David Rosenber, QC of Vancouver is troubled by the Province’s abrogation of its duties. “In this time of proposed pipelines and increased transportation of dangerous substances, we should all be concerned when the Province of British Columbia fails in its duty to protect the environment and refuses to take responsibility for its mistakes.”

Class counsel David Aaron will be in attendance to update the residents on the successful certification of the class action. Residents are invited to provide detailed information about the evacuation/dislocation costs that were incurred as a result of the Spill. Refreshments will be served. Join us for an informative evening about this class action and the pursuit of justice for the beautiful Slocan Valley. (See advertisement)

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B.C. woman files private charges over Mount Polley tailings spill

VANCOUVER – An Indigenous women has filed private charges in 2014 collapse of the tailings dam at the Mount Polley mine, days after British Columbia’s government announced that provincial charges would not be laid.
Bev Sellers has filed court documents alleging that Mount Polley Mining Corp. polluted the environment when a tailings dam burst, sending 24 million cubic metres of mine waste into local waterways.
I am very glad to see that another private prosecution on polluting waterways being taken on. This one taken on by an indigenous woman. I think Lemon Creek was useful in encouraging private citizens to look for justice as Alexandra Morton’s private prosecution gave me hope. As you will remember I was part of a joint presentation about Mt. Polley and Lemon Creek thru Selkirk College and at the time it was expected that charges would be laid but since 2014 no charges have been laid. Thanks to West Coast Environmental Law and your help and encouragement we are able to show that private citizens have rights to prosecute and bring justice for the environment. I am always reminded of Anthropologist Margaret Mead’s quote: “Never doubt that a small group of thoughtful, committed citizens can change the world; indeed, it’s the only thing that ever has.”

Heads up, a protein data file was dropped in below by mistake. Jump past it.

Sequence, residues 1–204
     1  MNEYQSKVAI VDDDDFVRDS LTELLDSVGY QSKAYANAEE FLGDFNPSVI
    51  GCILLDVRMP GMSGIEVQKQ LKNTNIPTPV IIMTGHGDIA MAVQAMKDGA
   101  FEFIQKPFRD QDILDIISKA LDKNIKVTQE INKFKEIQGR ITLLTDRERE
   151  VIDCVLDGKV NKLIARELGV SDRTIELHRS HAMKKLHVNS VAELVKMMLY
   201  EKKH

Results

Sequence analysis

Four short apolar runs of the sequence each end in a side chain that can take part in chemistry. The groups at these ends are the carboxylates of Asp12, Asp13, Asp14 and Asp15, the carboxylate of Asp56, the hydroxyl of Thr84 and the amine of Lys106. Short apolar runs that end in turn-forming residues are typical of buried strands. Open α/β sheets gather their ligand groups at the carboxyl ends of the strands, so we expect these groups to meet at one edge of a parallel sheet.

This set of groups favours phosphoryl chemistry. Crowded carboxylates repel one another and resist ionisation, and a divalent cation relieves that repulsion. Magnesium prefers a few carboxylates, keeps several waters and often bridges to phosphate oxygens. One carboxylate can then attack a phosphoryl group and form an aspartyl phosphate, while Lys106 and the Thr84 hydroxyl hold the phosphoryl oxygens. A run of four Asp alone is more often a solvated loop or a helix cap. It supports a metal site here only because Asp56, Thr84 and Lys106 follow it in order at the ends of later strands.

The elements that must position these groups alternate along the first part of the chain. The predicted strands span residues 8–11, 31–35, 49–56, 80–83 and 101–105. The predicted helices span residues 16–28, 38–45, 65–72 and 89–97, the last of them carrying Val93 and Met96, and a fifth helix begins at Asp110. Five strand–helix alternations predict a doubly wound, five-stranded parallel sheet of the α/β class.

The dates for the Lemon Creek case are set to be heard in Nelson: September 25 – 28th, October 30th to November 2, and Nov. 20 – 23rd and Nov. 27th – Nov. 30th.
Mt Polly Evening Poster-page0001
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Perry Ridge Back Road – Slocan River Road

Water Damages Newly Paved Slocan River Road at the base of Perry Ridge South of Winlaw

The Slocan River back road was temporarily closed for a day due to trees sliding across the road and hung up on power lines. Although the road is now open to one lane traffic the water is being funneled through black plastic pipe into the culvert. One lane has slumped and the cutslope above is also moving and held back with a cable. There are several cracks along the pavement in this vicinity.
The Geological Hazards Mapping of the Slocan Valley, done by Apex Geoscience Consultants Ltd. dated Dec 30, 1998 states:
“Mass movement processes involve the downslope movement of surficial material due to gravity. Material moves downhill by rolling, sliding and slumping.”..In most cases the failures appear to be caused by:
1) High pore water pressure between sediment layers (Primarily clay) or possibly along pre-existingfractures or faults within the clay and,
2) Over-steepened scarp faces in places aggravated by recent undercutting of the scarp by the river or road construction.”
Perry Ridge Water Users Association has requested a copy of the geotechnical assessment of this earth movement from Ben Tanasichuk is the Highways Area Manager for this Area.